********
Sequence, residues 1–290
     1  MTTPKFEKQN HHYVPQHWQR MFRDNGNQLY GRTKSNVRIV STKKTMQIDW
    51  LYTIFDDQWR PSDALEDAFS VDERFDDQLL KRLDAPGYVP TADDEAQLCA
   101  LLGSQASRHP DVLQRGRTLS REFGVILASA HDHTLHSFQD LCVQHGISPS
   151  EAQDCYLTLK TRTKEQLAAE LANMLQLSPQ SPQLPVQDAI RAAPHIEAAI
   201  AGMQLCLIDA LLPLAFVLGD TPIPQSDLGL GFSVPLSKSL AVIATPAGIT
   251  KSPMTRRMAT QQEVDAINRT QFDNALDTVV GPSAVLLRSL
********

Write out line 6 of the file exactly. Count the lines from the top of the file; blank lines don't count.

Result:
   201  AGMQLCLIDA LLPLAFVLGD TPIPQSDLGL GFSVPLSKSL AVIATPAGIT